Maryland transportation officials this week fielded questions from state lawmakers about the $3.3 billion budget shortfall they face in funding their six-year plan.

Though the administration of Gov. Wes Moore avoided drastic cuts for the coming fiscal year, they are looking at shortfalls in the following years, prompting lawmakers and officials to search for new revenue streams to fund transportation. Contributing to the budget squeeze is a trend of higher costs and declining gas tax revenues, which has traditionally funded such matters.

Maryland’s highway and transit agencies account for more than half of the state Department of Transportation’s spending on both capital projects and operations. They are followed by the Washington Metropolitan Transit Agency, which runs the Metro subway and bus systems.

Transportation Secretary Paul Wiedefeld, Maryland Transit Administrator Holly Arnold and State Highway Administrator William Pines appeared at a House of Delegates appropriations subcommittee hearing on Monday to discuss their budgets for the coming year. A similar hearing was held in the state Senate last week.

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Here are five big takeaways from Monday’s hearing:

1. Baltimore transit services could still face cuts

When Gov. Moore shored up the Maryland Transit Administration’s fiscal year 2025 budget with a one-time, $150 million infusion from the state’s general fund to the transportation trust fund in January, it staved off a number of potential service cuts. Regional commuter bus service would be able to maintain all but eight current routes, and MARC rail service avoided similar austerity.

But that’s just for the fiscal year that begins July 1. Transit advocates were quick to point out that the projected $3.3 billion shortfall over six years was backloaded, and that it was still north of $3 billion for the next five fiscal years.

Budget analyst Carrie Cook of the Department of Legislative services alluded to just that on Monday afternoon in her opening presentation. “MTA expects that absent significantly increased revenues, similar reductions in these items will have to be made in the out years,” Cook said.

Among the lingering questions: Will that mean more cuts to commuter bus service? As driver salaries make up the lion’s share of MTA’s operating budget, will it mean slower hiring for a department that has worked to limit bus cancellations by bringing its vacancy rate down?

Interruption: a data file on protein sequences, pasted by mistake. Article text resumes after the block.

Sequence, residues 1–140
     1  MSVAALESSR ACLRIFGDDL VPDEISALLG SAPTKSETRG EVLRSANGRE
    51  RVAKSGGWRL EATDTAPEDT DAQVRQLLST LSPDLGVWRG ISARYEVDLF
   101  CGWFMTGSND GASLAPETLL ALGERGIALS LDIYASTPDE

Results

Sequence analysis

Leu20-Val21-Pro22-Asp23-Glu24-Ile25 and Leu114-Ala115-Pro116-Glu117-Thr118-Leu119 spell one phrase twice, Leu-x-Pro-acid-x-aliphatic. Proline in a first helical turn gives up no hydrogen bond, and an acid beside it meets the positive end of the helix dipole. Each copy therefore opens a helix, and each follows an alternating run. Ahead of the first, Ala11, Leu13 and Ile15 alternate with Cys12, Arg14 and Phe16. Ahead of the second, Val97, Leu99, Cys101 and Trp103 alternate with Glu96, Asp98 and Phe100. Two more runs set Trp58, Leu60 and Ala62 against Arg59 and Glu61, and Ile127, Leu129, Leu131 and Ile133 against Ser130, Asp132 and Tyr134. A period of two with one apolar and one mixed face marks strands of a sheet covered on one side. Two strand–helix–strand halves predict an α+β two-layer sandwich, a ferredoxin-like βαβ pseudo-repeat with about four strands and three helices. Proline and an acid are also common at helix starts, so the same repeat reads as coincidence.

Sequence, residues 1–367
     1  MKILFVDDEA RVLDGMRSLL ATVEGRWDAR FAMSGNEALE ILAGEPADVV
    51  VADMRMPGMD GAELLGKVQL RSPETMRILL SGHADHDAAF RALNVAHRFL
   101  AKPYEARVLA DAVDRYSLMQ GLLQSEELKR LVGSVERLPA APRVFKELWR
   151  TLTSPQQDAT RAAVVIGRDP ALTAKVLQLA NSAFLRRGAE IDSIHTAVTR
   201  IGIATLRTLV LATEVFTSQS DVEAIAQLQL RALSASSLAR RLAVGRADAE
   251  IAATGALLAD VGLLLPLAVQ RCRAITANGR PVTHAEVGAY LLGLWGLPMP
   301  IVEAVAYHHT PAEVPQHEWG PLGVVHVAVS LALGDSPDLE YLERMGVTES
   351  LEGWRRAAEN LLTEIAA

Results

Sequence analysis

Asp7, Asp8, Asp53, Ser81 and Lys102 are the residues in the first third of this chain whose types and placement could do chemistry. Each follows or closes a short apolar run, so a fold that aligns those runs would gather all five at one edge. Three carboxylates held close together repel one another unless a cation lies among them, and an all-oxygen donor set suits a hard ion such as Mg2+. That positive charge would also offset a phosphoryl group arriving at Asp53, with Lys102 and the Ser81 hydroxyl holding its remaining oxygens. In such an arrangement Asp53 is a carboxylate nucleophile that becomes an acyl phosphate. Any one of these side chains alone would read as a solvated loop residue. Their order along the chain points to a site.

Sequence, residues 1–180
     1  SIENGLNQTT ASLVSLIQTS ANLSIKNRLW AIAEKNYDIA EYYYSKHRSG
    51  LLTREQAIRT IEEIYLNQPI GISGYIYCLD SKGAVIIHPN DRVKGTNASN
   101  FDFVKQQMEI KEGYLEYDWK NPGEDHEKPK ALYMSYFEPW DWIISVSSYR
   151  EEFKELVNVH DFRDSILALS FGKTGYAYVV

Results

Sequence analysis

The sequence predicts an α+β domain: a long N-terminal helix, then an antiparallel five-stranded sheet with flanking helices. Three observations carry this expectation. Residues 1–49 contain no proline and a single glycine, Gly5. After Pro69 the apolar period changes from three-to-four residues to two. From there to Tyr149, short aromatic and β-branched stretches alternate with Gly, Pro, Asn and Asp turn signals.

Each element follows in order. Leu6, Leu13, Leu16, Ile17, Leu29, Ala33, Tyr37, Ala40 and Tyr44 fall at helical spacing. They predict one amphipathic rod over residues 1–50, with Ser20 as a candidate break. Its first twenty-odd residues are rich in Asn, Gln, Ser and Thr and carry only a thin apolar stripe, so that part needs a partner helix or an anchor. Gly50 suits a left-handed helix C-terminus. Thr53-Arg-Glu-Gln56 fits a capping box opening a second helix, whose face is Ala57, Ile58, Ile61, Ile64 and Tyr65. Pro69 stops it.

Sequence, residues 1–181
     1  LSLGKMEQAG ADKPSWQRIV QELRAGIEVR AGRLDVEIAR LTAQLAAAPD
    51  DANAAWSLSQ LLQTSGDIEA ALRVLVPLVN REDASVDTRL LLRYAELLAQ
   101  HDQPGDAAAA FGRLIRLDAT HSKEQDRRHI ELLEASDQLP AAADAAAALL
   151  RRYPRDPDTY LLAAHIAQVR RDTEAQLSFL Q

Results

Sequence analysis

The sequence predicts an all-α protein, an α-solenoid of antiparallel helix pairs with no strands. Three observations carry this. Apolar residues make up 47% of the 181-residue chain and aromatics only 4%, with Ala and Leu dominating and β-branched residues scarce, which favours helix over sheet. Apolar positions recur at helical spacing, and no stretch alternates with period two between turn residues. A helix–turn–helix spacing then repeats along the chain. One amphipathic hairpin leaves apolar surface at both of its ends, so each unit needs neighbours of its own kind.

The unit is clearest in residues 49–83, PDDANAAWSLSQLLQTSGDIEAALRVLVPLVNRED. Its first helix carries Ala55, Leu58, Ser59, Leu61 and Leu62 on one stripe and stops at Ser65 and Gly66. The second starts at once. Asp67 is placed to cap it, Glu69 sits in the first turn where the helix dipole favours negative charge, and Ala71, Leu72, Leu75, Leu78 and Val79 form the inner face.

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2. The MTA’s $2 billion backlog of rehab work is growing

“State of good repair” — these four buzzwords have often been in the news lately. Major, multiday shutdowns of both Baltimore’s subway and light rail lines last year brought to the forefront how well the state is keeping its transit assets in proper working order.

The state simply isn’t investing enough money to make sure all its buses, trains, tracks and systems have five-star ratings. Wiedefeld made clear in response to lawmaker questions that this isn’t unusual — Maryland isn’t alone in having to prioritize the most dire repairs.

But the numbers are substantial. The MTA’s 2022 Capital Needs Inventory estimated a nearly $2 billion backlog of rehab work, a hole that would require a little more than $500 million in annual spending for repair initiatives. Lawmakers mandated a minimum level of state-of-good-repair spending through the 2021 Transit Safety and Investment Act, but Del. Mark Edelson noted that it does not reach that $500 million level currently.

To top it off, Arnold told the committee the MTA was spending just 60-70% of allocated money for such rehab work, citing increasing difficulties caused by pandemic-related supply chain disruptions. Arnold pointed to bus brake pads as an example: Years ago, a single supplier could stock the MTA with brake pads, no sweat. Now, they have to seek out multiple suppliers to get the same number of pads, meaning more time and energy spent on an arduous procurement process.

Arnold projects that the backlog will grow, and that the annual ideal spending figure to fix everything will be close to $600 million by next year.

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“There is intense competition, if not conflict, between improving and expanding the system and doing what is necessary to keep things running both functionally and safely,” Jon Laria, chair of the new Baltimore Regional Transit Commission, told the House committee. Laria’s group is, among other things, exploring the possibility of more local control for Baltimore transit. “There’s just not enough money to do both responsibly,” he said.

It’s not all bad news, though, as a roadmap for overhauling the MTA fleet has been drawn. The federal government recently announced a $213 million grant to replace the light rail fleet in the coming years, and the first seven zero-emission buses are now in service. The first of 78 new heavy rail cars to replace the Baltimore subway system’s 40-year-old cars arrived last year.